I experienced a lot of things while growing up in Alaska. I got to go traveling upriver with my family to my mother's hometown of New Stuyahok, Alaska to visit my grandfather and many other relatives. During the summer my family and I would go berry picking. When we go salmon berry picking we would take a skiff ride down river a little past Ekwok Lodge, because there are not enough salmon berries in Ekwok. The reason is there are so many people coming to Ekwok to pick berries from New Stuyahok, Koliganek, Dillingham, and Anchorage. There are not enough berries for everybody.

I like fishing in the summer and swimming with my friends and family. Going on picnics and other fun activities is a big deal in our family. I like making hackey sacks in my Multicultural class, because I really enjoy sewing. I enjoy a variety of cultural activities.

I am grateful for my parents and how they brought me up to be proficient in the Yupik language. The traditional foods that I grew up eating like moose, caribou, ptarmigan, and fish meat. My mom would make atsiuraq (cranberry pudding), and different types of akutaq (berries mixed with Crisco and sugar). My dad would go hunting and trapping upriver on the Nushgak River for the animals and birds my mom would cook. I love to help her skin and prepare the meat. I am proud to keep learning my people's language while learning my heritage.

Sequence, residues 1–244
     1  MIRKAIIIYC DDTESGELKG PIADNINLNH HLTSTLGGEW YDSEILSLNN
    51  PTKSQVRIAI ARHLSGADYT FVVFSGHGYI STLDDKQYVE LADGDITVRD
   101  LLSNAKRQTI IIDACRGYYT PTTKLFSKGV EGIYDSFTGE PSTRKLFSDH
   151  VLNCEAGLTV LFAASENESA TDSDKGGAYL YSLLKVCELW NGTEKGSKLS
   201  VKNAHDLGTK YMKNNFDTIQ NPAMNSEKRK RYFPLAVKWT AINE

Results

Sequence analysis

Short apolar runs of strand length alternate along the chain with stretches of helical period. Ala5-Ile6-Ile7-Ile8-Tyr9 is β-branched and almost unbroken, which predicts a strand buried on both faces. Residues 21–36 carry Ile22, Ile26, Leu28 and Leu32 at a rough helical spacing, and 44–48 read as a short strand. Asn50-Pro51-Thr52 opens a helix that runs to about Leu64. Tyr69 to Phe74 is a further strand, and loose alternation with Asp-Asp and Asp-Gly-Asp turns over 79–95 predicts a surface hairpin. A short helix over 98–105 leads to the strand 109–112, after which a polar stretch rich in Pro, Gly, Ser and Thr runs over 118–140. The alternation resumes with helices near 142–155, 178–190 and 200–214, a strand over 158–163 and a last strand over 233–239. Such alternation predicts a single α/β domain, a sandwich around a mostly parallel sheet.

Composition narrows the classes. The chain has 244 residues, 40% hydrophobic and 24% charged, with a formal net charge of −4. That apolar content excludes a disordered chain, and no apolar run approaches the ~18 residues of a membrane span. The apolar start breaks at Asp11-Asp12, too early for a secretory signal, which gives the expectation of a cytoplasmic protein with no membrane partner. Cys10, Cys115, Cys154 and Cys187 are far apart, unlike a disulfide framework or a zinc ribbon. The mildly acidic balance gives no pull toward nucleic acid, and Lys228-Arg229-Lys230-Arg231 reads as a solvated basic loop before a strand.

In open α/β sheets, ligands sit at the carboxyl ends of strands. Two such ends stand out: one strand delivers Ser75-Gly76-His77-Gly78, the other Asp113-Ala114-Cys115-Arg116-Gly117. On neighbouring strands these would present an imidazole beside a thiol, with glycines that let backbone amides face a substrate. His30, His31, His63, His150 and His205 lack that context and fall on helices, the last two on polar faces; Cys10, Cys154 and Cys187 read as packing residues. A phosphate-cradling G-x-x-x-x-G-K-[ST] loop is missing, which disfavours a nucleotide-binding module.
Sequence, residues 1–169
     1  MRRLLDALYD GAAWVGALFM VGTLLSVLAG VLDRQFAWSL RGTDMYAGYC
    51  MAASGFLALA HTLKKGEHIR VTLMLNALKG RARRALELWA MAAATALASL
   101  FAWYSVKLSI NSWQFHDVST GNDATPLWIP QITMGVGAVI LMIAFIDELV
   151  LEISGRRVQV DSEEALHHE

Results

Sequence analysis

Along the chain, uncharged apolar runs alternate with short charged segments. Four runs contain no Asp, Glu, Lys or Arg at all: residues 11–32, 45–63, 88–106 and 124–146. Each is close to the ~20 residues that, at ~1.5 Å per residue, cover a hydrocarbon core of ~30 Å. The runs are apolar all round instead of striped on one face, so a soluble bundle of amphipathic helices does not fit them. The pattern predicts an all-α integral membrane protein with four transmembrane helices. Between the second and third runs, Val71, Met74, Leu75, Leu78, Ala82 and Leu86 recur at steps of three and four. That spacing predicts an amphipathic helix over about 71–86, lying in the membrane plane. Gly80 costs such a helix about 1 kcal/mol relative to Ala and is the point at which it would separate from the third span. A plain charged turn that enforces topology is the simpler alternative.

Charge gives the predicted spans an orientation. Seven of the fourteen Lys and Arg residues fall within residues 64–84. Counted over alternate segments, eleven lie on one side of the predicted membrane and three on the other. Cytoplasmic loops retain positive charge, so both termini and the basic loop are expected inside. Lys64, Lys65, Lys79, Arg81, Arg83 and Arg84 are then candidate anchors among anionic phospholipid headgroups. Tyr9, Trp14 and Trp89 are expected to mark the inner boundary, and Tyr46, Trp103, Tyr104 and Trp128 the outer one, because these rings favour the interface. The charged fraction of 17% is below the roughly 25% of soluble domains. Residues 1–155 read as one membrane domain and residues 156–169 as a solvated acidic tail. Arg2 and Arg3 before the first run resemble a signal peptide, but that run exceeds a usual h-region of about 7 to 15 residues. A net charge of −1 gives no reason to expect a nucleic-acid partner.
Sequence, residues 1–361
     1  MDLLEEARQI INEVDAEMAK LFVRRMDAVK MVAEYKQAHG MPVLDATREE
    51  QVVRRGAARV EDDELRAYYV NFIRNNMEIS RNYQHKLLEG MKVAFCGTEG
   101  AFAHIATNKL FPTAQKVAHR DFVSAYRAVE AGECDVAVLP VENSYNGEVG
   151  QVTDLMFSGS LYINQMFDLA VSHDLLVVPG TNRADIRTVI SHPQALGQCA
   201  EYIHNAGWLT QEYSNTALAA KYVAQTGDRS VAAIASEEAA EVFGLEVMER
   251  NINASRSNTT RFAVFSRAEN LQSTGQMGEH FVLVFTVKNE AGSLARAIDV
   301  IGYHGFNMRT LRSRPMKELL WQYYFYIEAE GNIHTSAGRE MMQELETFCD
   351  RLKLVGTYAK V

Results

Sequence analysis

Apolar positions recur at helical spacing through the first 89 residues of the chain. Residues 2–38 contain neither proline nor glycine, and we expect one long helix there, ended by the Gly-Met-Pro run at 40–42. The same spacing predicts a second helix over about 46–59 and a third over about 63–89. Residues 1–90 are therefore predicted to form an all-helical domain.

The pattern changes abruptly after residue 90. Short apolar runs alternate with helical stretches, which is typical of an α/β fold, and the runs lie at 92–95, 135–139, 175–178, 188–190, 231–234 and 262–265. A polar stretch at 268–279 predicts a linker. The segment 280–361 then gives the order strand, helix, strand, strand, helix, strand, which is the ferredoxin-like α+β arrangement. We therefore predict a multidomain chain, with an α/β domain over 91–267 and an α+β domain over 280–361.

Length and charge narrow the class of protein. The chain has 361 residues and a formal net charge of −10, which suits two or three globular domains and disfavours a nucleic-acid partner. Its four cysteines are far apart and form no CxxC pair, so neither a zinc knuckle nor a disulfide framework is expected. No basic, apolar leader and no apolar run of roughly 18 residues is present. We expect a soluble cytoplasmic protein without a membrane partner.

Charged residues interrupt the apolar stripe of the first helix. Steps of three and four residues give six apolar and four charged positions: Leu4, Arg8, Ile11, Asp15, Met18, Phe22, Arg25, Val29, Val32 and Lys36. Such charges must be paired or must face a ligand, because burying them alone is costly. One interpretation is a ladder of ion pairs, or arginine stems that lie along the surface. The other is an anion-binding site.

I was first inspired to learn how to speak my native language more fluently by a dear loved one. She was once a Bilingual teacher, she taught me how to make a kakiivik (sewing kit), some crocheting and knitting projects, to say the pledge in Yupik, and a few other things. The Native language should be taught more in the rural areas because our Native languages are dying off and also our customs too. I am so proud to be an Alaskan Native and that's why this coming fall semester I'm going to be taking Yupik language courses thorugh UAF with Bethel's instructor Sophie Alexie. Taking the course will help advance my native tongue, I would like to converse more with my mom, elunguaqs (relatives), and to understand them better.

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